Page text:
While fending off corruption charges in the courts, former President Rafael Angel Calderón (1990-1994) is returning to the political scene to run once more for the country’s highest office.
Surrounded by cheering supporters who clogged the meeting spaces and hallways of his party’s San José headquarters on Tuesday, Calderón announced his presidential aspirations for the 2010 election.
“I couldn’t stand by and do nothing for the country,” he said, as he signed the papers to become a candidate for the Social Christian Unity Party (PUSC). With years of experience behind him and numerous achievements under his belt, Calderón said that he was best positioned to return to office because he “knows where to drive this country.”
His announcement was received with chants of “Calderón” and cries of “Volver, Volver, Volver” (“come back”).
With no other PUSC candidates stepping forward by the April 29 deadline, Calderón is guaranteed a space on the February 2010 ballot.
He faces a slew of presidential hopefuls from parties yet to name an official candidate, including Ottón Solís, Román Macaya and Epsy Campbell of the Citizen Action Party (PAC) and Fernando Berrocal, Johnny Araya and Laura Chinchilla of the National Liberation Party (PLN), among others.
Unlike his opponents, whose entire focus during the next nine months will be on shaking thousands of hands and passing out bumper stickers, Calderón will be in and out of court on charges that he bribed public officials to help a Finnish medical supply company secure a $39.5 million contract with the Costa Rican Social Security System (Caja).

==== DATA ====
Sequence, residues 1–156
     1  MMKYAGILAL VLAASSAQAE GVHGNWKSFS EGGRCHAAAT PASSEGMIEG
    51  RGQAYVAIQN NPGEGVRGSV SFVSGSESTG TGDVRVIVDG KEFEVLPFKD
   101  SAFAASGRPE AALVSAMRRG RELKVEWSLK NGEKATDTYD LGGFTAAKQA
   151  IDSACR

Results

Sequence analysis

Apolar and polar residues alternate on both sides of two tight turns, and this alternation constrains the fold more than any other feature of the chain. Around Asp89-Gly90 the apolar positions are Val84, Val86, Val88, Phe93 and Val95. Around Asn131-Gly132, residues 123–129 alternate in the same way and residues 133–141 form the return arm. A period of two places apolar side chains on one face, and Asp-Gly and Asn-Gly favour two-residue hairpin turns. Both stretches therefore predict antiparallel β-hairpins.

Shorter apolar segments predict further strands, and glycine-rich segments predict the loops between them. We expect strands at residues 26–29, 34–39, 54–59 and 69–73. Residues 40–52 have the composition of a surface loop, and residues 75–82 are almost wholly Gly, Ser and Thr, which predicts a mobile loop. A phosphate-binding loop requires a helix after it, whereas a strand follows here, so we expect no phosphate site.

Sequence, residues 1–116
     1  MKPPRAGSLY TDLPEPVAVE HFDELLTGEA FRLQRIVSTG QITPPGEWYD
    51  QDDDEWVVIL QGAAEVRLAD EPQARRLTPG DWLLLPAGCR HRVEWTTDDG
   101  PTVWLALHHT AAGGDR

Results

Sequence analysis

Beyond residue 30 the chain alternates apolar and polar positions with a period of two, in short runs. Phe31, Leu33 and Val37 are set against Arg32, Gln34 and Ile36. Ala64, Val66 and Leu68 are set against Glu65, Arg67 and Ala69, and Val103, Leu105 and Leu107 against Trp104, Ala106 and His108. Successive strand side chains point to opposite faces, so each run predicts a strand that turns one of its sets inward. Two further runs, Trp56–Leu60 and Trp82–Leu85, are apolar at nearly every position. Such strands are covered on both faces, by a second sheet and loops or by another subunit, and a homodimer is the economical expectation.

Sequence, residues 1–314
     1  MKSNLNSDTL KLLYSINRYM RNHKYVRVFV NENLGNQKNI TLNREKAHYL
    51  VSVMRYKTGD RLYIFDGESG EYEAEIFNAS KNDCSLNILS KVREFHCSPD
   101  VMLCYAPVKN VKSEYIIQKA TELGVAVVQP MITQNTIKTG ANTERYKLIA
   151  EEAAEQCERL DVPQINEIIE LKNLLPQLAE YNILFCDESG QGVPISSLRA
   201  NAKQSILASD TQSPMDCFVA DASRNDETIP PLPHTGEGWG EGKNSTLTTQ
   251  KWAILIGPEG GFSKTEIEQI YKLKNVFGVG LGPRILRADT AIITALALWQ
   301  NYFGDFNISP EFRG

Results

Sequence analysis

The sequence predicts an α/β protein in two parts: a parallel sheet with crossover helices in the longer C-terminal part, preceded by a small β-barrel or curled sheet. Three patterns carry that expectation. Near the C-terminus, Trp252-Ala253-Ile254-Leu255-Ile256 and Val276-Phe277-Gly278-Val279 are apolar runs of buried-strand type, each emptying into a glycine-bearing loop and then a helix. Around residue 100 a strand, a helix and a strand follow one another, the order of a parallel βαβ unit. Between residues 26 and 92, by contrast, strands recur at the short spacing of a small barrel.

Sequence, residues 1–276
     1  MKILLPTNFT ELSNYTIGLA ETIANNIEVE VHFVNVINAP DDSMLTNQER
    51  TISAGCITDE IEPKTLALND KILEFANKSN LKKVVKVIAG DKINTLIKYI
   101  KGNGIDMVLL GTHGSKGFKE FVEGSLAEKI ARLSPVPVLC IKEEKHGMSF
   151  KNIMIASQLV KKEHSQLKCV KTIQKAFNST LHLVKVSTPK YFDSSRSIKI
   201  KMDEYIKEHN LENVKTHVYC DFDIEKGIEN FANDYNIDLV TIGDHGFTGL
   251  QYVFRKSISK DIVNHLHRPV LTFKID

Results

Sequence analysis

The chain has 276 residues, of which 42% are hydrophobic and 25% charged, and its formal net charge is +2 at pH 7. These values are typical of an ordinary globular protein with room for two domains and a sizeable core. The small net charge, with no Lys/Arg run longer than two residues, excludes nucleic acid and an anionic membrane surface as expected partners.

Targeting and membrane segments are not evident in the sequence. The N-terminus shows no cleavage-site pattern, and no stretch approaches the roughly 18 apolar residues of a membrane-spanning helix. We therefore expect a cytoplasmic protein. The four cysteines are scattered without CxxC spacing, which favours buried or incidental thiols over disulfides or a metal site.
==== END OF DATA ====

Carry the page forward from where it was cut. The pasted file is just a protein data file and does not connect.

Calderón has not denied that he received money from the Finnish company, but maintains the payment was for consulting services.
The transaction occurred more than nine years after Calderón left office. He was arrested and completed a series of preventive detention terms, both at his home and in a state penitentiary, lasting a year.
His trial, which began in November and is before judges of the criminal court of finance, is expected to call on more than 300 witnesses.
Costa Rica law does not prohibit Calderón from running for office while he is on trial, nor does it bar reelection.
Following his arrest in 2004, his party – which has recently invested in a reimaging campaign and prefers to be known as simply “La Unidad” – watched its public approval ratings slip and 14 seats in the Legislative Assembly fall to other political groups.
The 2004 arrest of Miguel Angel Rodríguez, also a PUSC leader and former president (1998-2002), contributed to a sharp decline in the party’s popularity.
Speaking in reference to the trial, Calderón said, “Many people have said to me, ‘You have suffered a lot. Why expose yourself again? Why sacrifice more, when you could live at home peacefully?’”
To a room packed with camera crews and dedicated supporters, Calderón continued, “If there is a person to boost this new movement and take advantage of the opportunities, it’s me. I cannot say no. And, with the leadership in this party and the level of structure we have in the country, we go forward.”
His announcement received the enthusiastic endorsement of the party’s president, Luis Fishman.
“This party says that you, Rafael, should be the candidate, the guide who leads us, the Queen Victoria ship,” Fishman said, turning to Calderón, “You are the captain.”
He added, “Without you, this journey would be very difficult.”
Please visit ticotimes.net for a video of the announcement.
Upcoming Political Party Conventions
The country’s two leading political parties, the Citizen Action Party (PAC) and the National Liberation Party (PLN), expect to nominate an official candidate for the 2010 presidential election following their respective conventions in the upcoming months.
Citizen Action Party (PAC) Convention Date: May 31 Candidates: Ottón Solís (party founder, former legislator and planning minister), Román Macaya (businessman) and Epsy Campbell (former legislator and party president) National Liberation Party (PLN) Convention Date: June 7
Candidates: Fernando Berrocal (former presidency and public security minister), Johnny Araya (current mayor of San José) and Laura Chinchilla (former vice president and justice minister under President Oscar Arias)